Many of us think of prostitution as a victimless crime. And many of us think of sex trafficking as a thing that happens in places far away, to people who look different from us. Most of us agree it has nothing to do with us personally, right?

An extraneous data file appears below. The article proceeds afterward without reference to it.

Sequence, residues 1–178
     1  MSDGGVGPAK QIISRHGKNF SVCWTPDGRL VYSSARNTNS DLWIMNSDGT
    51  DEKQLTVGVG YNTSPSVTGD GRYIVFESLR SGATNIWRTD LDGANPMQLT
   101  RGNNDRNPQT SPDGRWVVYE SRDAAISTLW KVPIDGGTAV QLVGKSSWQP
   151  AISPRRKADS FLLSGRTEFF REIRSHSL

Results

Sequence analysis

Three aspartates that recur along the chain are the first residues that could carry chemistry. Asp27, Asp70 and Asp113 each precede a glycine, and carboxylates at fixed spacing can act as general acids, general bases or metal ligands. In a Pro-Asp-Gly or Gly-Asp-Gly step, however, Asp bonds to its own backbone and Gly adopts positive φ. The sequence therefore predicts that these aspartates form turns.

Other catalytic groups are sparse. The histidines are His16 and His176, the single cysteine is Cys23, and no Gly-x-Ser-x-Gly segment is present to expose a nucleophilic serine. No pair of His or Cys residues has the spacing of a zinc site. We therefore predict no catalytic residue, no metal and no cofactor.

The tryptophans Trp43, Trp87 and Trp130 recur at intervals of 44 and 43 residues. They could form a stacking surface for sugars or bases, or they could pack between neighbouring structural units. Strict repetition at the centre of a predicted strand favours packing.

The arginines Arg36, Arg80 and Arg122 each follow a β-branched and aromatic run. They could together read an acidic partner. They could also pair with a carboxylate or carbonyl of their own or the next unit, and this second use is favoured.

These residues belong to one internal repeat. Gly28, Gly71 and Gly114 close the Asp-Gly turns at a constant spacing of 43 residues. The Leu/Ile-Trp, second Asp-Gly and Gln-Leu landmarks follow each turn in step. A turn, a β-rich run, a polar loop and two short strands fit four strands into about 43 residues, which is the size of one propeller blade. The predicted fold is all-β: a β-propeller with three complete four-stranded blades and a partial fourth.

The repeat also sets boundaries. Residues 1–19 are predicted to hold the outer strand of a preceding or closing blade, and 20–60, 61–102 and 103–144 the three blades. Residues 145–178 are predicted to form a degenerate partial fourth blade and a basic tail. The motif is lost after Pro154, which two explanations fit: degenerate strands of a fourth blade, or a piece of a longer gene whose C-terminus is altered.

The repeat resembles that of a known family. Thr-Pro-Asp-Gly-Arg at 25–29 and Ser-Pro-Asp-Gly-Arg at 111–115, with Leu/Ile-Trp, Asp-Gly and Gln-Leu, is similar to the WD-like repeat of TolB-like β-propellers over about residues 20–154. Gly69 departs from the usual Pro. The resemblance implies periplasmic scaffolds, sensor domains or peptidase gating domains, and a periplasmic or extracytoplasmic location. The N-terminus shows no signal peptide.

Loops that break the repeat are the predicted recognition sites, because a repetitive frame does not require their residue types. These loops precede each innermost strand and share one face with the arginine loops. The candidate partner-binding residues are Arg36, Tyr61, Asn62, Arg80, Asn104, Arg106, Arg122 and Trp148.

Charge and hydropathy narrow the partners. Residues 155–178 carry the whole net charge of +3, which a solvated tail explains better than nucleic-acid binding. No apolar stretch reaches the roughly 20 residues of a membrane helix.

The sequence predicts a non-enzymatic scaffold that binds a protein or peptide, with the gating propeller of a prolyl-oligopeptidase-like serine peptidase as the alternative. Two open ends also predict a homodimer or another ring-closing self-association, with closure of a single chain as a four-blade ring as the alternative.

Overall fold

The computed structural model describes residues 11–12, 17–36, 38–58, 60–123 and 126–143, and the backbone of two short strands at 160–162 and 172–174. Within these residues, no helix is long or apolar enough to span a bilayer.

But domestic sex trafficking is booming in the United States, probably in large part because we have so little awareness of what it is or how it works. It probably doesn’t help that some of our American pop culture celebrates the “pimp life” and the are even Grammy and Oscar award-winning songs glorifying a culture that probably, hopefully, sounds fantastical and unreal to a majority of the audience consuming it. Here is your trigger warning! As you have no doubt intuited, this is a terribly upsetting show and blog. If you find your emotions becoming difficult, we have many online resources for you to get help and support and answers about human trafficking, at the bottom of this article. Please avail yourself if you feel the need. The National Human Trafficking Resource Center hotline number is 888-373-7888. Gorgeous, thirtysomething, blue eyed Elle Snow enjoys cooking, and when coaxed she’ll admit to making a mean short rib. She is a self professed math whiz who does algebra equations in her head to relax, a photographer, and a fan of Tom Waits’ music, populated by tragic characters and gritty underworlds. But what she says consumes her life is the brief window of time she spent at age 19 being trafficked for sex. These days, Snow has been generously sharing her story of terror again and again and again in the hopes of helping others. In an age of misunderstanding that Snow is working to help end, police have frequently identified the prostitute as the perpetrator of a crime, failing to recognize them as the victim. Once that happens, the trafficking survivor with an arrest record for prostitution faces years of stigma, discrimination and missed employment opportunities, long after they escape their pimp. And if the trafficking survivor and law enforcement can actually build a case strong enough to put a pimp behind bars, the survivor must remain wary of the pimp’s network of cronies on the outside who may be seeking revenge on his behalf for years to come. The victimization continues, possibly forever. Since testifying against her captor and putting him behind bars, Snow has placed her personal safety and emotional wellbeing on the line to found the organization Game Over, which helps law enforcement, social workers, and others grasp the bigger picture of domestic sex trafficking in the United States in the twenty first century, with training workshops customized to various industries and circumstances. She is also collaborating with the Dell’Arte International school of physical theater creating an educational performance that will eventually tour and bring even more awareness to the issue. “It’s a wonderful way to have a horrible conversation,” Snow says. Here is Elle’s home page for her organization, Game Over:https://www.facebook.com/itsgameover101/?fref=ts